The Republic of San Marino is, perhaps, not as well-known as its famous boot-shaped neighbor, Italy, but it quietly boasts some pretty impressive statistics — the micronation is the world’s oldest surviving sovereign state and constitutional republic, maintains a level of per capita GDP on par with those of wealthy nations like Denmark, has no national debt, and is the only nation in the world to have more vehicles than people. Among the tiny state’s claims to fame, though, is that about 10% of the national revenue comes from its famous postage stamps, which are sold to collectors (philatelists) around the world.
Stamp collecting as a hobby is still alive and well, despite the bite electronic communications have taken from posted pieces. Stamps are valued for designs honoring individuals, events, and technologies that have impacted a society — and one of the latest sets in San Marino’s postage offerings celebrates the impact that 3D printing is having.
Andy Rementer, the designer of the new stamp collection, is a US-based artist who produces innovative commercial, editorial, cartoon, painted, and animated pieces. He worked for Fabrica in Treviso, Italy for two years prior to becoming a full-time artist back in the US, and one of his former colleagues from Fabrica contacted him about the stamp design project. Omar Vulpinari, the former colleague, is a San Marino native now working as a crossmedia creative director, and with his help, Rementer was able to fit the standards expected of these highly collectible pieces.
The Philatelic and Numismatic Bureau of San Marino (Azienda Filatelica e Numismatica di San Marino — AASFN) offers hundreds of designs that all adhere to high standards of quality and work as cohesive sets. With Vulpinari’s assistance, Rementer was able to solidify his designs’ place in the collection.
Rementer’s collection comprises three designs, each with a different valuation for posting. Each of the three designs represents a different application of 3D printing technology, honoring “La Rivoluzione della Stampa 3D,” the 3D Printing Revolution.
“The 3D printer is an advanced technology that produces tridimensional objects, made of plastic or other materials, from a computer 3D model,” the AASFN notes. “Rementer designed three virtual scenes that forerun the times with his original and visionary comic strip style. The set represents the production of food (€0.10 value), more complex and elaborate objects (€0.80 value) and a provoking ‘duplicate’ of a human being (€2.15 value).”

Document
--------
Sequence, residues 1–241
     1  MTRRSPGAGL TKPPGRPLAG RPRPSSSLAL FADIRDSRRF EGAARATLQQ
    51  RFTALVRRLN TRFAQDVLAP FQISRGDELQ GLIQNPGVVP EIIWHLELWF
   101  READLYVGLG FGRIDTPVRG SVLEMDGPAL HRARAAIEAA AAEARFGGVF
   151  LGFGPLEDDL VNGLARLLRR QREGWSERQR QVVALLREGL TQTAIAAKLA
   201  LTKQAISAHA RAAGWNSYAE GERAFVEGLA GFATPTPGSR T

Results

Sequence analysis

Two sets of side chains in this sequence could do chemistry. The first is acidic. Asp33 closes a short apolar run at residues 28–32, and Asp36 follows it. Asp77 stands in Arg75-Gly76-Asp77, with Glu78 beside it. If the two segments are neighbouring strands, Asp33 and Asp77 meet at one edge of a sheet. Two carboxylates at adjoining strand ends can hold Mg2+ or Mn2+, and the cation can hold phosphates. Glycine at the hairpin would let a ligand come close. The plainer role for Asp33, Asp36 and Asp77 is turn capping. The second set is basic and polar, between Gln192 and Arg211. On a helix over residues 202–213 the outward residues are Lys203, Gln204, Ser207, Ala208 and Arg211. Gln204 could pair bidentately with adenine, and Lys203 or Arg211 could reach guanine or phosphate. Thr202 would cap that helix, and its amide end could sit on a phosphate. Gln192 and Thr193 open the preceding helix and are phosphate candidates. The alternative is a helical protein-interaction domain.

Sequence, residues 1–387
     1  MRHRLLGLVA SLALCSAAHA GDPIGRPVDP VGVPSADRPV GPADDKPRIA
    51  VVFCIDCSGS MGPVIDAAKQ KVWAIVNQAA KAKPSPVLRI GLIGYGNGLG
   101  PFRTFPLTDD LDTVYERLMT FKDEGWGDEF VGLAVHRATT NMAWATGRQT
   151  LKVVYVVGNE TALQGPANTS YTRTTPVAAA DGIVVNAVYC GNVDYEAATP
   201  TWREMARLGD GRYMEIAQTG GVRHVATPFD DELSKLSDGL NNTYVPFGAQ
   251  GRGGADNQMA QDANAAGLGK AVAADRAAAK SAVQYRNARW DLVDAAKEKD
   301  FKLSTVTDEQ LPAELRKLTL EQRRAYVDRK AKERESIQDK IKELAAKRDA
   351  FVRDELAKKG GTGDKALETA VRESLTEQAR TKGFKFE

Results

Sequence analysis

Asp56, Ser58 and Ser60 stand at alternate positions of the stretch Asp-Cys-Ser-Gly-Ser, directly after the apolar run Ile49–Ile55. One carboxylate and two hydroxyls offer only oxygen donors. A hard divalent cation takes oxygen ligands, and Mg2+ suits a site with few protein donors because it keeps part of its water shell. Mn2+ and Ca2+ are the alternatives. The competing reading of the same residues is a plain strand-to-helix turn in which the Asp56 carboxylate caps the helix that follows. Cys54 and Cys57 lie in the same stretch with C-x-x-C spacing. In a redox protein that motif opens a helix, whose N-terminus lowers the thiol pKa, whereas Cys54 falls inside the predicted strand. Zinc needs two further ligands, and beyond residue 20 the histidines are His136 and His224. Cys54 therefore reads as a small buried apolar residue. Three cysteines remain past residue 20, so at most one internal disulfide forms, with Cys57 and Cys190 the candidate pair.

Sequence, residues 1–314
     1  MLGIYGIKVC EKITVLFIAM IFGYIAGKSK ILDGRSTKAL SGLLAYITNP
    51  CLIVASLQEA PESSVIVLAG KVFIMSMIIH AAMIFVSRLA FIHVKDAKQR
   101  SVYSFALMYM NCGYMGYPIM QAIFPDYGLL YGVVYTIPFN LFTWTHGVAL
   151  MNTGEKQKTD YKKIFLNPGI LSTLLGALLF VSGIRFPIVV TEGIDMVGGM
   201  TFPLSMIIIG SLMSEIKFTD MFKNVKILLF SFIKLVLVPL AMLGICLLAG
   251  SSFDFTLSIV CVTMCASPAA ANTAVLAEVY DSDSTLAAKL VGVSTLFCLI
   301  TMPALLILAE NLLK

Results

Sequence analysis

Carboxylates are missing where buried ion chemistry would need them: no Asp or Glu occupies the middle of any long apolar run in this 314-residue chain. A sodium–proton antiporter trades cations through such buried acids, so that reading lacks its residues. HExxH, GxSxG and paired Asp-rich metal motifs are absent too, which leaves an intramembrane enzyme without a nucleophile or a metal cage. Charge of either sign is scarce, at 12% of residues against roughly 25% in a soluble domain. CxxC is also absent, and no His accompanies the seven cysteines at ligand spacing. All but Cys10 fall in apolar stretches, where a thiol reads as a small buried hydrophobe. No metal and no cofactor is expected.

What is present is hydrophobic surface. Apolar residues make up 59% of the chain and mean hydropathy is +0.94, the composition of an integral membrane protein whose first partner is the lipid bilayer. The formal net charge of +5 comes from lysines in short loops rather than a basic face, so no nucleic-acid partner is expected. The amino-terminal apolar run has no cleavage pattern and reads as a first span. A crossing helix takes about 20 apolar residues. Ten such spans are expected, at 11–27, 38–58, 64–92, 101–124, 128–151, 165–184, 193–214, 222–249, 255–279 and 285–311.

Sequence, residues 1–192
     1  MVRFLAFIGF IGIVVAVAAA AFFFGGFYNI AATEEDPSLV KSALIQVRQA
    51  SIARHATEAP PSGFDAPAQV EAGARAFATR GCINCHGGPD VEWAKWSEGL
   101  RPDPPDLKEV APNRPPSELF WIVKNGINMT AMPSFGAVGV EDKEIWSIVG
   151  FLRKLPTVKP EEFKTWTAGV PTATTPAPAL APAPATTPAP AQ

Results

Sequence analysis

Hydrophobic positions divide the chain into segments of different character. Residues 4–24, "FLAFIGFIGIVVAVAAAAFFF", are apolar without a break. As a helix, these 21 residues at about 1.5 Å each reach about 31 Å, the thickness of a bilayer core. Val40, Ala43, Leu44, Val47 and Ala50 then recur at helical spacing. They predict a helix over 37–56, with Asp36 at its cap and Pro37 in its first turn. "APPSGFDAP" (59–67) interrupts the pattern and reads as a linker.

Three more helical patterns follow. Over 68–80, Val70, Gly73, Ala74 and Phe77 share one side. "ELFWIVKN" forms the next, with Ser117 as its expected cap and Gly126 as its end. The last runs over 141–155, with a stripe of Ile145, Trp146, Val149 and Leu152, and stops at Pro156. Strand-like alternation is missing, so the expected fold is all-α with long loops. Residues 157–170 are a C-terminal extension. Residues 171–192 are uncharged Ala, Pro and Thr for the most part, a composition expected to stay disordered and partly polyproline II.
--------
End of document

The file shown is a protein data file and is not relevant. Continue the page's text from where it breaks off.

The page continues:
This collection is the first of its kind for Rementer, whose designs have appeared in magazines, art installations, and comics — and now also grace envelopes and philatelic collections.
His 3D printing-inspired designs are available in sheets of 20 stamps, all with different production runs. For the food design, 70,000 pieces are in the print run, with 50,000 available for each of the other two designs (complex/elaborate objects and human). The official issue date for the collection was yesterday, March 10th.
“I tried to find a way for the stamps to communicate with each other visually, as well as respond to various aspects of 3D printing,” Rementer said. “San Marino is highly regarded for its stamps, so it was a true privilege.”
By choosing to honor 3D printing, these stamps showcase the strong foothold the technology is gaining throughout the world. While the micronation currently has the world’s highest level of vehicles per capita, perhaps one day it will also shine out as having the most 3D printers relative to its population. That remains to be seen, but choosing to commemorate additive manufacturing in one of the state’s most treasured and well-known industries is a certain sign of its place.
Will you purchase any of these stamps for your own philatelic collection? Which is your favorite? Let us know in the Stamps Honoring 3D Printing forum thread over at 3DPB.com. Check out more images of the stamps below.
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